To go green, the 2018 edition will NOT be providing any disposable cups, bowls, forks or spoons. There will also be NO cup noodles served. To enjoy the different beverage and food items at checkpoints and the finish, please make sure you have your own utensils.

 A record amount of HK$909,972.10 has been raised through the 2018 edition and donated to Blind Sports Hong Kong, Food Angel; Free to Run; Hong Kong Breast Cancer Foundation; and Ultra Sports Science. The remaining HK$27,972, plus additional amounts to be raised in the coming months, will be allocated to Hong Kong St. John Ambulance, Oxfam Hong Kong and the Scout Association of Hong Kong.

Review HK100 2017
 Over 5000 entrants from 51 countries joined the ballot in 2017. About 37% runners came from Hong Kong, 27.5% from Mainland China and 35.5% runners from everywhere else, including a sizeable presence from Japan, Singapore, Thailand, Korea and Malaysia.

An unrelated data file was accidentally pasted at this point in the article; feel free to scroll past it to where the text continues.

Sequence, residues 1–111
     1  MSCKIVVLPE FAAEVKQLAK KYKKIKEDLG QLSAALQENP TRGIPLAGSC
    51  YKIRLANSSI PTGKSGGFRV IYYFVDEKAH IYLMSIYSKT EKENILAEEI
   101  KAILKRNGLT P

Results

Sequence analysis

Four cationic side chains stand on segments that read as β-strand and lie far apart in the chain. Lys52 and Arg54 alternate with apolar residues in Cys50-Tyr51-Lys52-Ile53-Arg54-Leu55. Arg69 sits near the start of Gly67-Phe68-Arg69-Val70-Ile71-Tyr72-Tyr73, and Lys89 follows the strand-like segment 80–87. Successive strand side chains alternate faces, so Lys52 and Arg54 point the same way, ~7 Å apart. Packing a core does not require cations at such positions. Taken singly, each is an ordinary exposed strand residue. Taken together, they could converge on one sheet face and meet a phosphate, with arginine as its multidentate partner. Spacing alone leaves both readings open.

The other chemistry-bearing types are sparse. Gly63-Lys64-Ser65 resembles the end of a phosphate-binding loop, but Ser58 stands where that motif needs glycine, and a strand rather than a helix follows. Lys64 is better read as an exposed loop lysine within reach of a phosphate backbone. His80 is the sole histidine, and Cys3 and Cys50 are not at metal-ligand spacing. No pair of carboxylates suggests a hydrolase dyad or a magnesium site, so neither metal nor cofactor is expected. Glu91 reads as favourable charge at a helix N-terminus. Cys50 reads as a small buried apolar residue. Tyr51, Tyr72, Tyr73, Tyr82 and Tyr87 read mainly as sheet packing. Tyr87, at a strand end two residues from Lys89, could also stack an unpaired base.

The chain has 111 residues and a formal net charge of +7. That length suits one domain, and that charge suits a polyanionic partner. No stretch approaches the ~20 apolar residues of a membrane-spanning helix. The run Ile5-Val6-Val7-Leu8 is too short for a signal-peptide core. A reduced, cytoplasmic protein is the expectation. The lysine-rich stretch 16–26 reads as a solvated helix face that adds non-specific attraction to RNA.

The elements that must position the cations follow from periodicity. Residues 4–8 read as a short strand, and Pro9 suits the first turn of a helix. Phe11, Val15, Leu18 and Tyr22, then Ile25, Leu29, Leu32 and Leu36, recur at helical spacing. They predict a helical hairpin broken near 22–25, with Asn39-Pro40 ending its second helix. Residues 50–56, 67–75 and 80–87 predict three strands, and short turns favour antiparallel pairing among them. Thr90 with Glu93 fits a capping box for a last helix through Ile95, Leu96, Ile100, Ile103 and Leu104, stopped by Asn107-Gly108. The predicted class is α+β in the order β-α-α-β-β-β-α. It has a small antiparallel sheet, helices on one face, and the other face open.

900 volunteers helped to make this race possible.

All charity slots were taken up in less than 30 minutes after registration opened.
 From the 1866 people that eventually took part, 1577 (84,4%) crossed the finish line (79% men, 21% women).

Male winner Yan Qiao Yun from China finished Vibram Hong Kong 100 strong in 09:35:11, beating his own record of 2013, when he won the race with 10:15:57. It was his third time (he finished 5th in 2012) and he used his course knowledge to pace the 2017 race perfectly.

Yan Qiao Yun finished 26 minutes ahead of Daniel Jung (10 hours 1 minute), but he was not able to break the 2016 record of François D’Haene, missing out by just 2 minutes. Sage Canaday claimed the third place on the podium in 10 hours 3 minutes.

Female winner Nuria Picas from Spain finished in 11:18:57. She smashed Claire Price’s course record by 40 minutes and looked like she could go round again.